matter careful consideration, the Honorable District
Judge Frank M. Dineen, Monday afternoon an
nounced that he will rule that the City Council’s re
solution appointing the PeoplesPower Commission
must be submitted to a vote of the people. And in a
letter to attorneys interested in the Power controver
sey case Judge Dineen stated he will enter an order
granting a writ of Mandamus to force the City Conn
cil to call a special election.
The puzzling thing about the whole situation is: all
all concerned say the people must decide this issue
by vote.
1. The Legislative body says: L. B. 204 was intend
ed for the people to have the authority to decide this
issue by vote.
2. The City Council says: The people must decide
the issue by vote.
3. The appointed Power Commission says: that the
people must decide this issue by vote.
4. The Nebraska Power Co. says: through it’s re
presentative that they want it decided by vote of
the people.
5. The Honorablt District Judge Frank M. Din
nen says: the people must decide this issue by vote.
Now why have a number “6” which would be the
State Supreme Court and possibly several other
numbers, which would tie this matter up in the
courts for God knows how long with thousands of
dollars of the public money wasted ? For after all,
it makes no difference vho wins this case, “Mr.
Jones’’, the taxpayer will have to pay the bill. And
another thought that should be given serious con
sideration: it is ridiculous to have all these muster
minds tied up in a) question that everyone seems
to agree on when the blood of the youth of this coun
try is being spilled on the firing lines at the rate of
367 everv* second. It seems to me these great minds
should be interested in matters more vital* in the
safety of this country and the ending of this war.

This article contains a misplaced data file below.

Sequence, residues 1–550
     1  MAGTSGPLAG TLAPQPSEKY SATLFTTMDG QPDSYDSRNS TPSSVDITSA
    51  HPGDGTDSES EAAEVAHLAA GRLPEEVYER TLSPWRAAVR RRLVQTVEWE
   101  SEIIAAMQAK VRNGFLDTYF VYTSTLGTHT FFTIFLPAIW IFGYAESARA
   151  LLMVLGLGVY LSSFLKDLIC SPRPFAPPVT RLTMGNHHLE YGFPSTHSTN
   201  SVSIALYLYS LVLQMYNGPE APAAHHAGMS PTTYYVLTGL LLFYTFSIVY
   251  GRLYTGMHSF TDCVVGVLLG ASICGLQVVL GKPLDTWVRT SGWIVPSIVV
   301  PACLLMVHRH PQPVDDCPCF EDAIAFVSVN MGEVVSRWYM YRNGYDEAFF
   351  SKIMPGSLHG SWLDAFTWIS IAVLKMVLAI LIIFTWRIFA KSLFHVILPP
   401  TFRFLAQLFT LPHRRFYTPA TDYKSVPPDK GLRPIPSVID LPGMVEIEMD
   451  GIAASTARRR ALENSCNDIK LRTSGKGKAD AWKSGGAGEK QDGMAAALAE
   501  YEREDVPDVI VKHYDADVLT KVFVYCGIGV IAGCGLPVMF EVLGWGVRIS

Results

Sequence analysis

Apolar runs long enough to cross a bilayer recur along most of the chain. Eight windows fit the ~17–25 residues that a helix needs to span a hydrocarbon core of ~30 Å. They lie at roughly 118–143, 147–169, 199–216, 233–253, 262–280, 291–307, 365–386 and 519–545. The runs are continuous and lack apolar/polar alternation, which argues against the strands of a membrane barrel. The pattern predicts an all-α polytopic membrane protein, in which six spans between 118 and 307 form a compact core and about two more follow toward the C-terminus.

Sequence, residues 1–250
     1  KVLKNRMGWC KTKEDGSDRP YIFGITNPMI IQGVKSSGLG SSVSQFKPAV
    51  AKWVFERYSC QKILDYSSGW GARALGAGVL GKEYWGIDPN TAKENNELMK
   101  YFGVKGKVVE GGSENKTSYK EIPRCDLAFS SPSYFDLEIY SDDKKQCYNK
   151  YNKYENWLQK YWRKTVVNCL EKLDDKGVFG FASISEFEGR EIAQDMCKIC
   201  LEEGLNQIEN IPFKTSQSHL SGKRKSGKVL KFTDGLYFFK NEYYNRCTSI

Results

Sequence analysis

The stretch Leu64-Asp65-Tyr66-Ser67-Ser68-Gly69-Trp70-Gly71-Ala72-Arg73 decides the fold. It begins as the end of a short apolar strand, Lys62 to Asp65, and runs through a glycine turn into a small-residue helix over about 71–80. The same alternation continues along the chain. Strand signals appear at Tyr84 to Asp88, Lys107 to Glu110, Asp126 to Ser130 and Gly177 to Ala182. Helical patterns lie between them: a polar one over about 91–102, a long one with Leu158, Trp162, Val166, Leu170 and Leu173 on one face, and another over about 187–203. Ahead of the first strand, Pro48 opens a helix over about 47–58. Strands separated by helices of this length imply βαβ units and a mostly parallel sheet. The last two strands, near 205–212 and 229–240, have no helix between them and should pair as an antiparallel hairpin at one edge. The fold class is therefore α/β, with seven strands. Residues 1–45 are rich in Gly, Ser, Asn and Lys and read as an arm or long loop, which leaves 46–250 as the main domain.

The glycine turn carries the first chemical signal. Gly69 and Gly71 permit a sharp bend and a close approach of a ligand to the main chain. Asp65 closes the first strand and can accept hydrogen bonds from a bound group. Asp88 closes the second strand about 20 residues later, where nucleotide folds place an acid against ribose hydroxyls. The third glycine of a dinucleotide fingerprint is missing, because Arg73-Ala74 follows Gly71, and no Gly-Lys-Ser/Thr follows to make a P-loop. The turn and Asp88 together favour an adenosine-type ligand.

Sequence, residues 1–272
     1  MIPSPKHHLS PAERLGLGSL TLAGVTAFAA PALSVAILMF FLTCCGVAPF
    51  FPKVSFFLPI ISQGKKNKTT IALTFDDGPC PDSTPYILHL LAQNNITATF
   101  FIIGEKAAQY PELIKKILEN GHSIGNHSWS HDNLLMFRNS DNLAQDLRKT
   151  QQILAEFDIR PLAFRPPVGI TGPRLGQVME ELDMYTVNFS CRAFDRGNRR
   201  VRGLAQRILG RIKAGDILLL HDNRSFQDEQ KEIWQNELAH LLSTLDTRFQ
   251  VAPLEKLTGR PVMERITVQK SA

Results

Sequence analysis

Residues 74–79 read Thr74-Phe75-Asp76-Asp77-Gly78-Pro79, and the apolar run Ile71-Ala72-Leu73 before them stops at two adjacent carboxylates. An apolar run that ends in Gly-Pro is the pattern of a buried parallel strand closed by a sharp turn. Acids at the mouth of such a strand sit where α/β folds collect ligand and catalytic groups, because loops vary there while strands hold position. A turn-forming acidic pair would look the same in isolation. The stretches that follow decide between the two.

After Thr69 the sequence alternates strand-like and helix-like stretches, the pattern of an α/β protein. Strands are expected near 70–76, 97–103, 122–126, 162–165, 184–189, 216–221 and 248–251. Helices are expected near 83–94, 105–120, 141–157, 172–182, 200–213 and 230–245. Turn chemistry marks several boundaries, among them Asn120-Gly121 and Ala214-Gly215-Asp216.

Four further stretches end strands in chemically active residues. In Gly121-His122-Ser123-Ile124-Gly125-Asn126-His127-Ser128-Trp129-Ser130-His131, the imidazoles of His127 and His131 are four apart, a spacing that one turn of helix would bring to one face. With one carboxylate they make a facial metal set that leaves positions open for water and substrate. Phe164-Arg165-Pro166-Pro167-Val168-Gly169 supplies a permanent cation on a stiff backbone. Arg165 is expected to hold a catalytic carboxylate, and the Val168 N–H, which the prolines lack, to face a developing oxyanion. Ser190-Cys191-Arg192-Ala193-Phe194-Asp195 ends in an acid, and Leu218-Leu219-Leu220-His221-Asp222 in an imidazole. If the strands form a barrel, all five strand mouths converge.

So we say, why go any farther in court with thp
argument, why not satisfy all parties conncemed in
this matter and carry out the mandate of the will of
the people and call a special election and settle this
Who will it satisfy! All indication seems as
though it will satisfy all concerned about this cpn
So we say, Mister Mayor: thisi is one time you
should use your commanding power as Mayor of our
city council and call this special election ordered by
the Honorable Judge Frang M. Dineen.
First Colored Navigators Feted on Flight
Pittsburgh, Feb. —<ANP)—Twenty
four colored navigation cadets from
Hondo, Tex., airfield, were the
guests of the Pittsburgh Courier
last week at a banquet in their
honor, marking the first time in
the history of the nation colored
men have been trained to serve
in that branch of the armed forces.
Highlight of the banquet was ar. I
address by John J. McCloy. assis
tant secretary of war, who accom
panied the colored navigator-cadets
here ut>on an invitation of the
Courier McCloy predicted that the
young airmen will perform their
duty in the highest American mili
tary manner and added. 'They
are. by their example, going to
point their race to higher achieve
ment and higher objectives. They
are Paine- to undergo severe strains
and tests to which the most ut us
have never been nor never will be
subjected, and they will advance
the inteiests of thej-- country ani
(Continued page 3)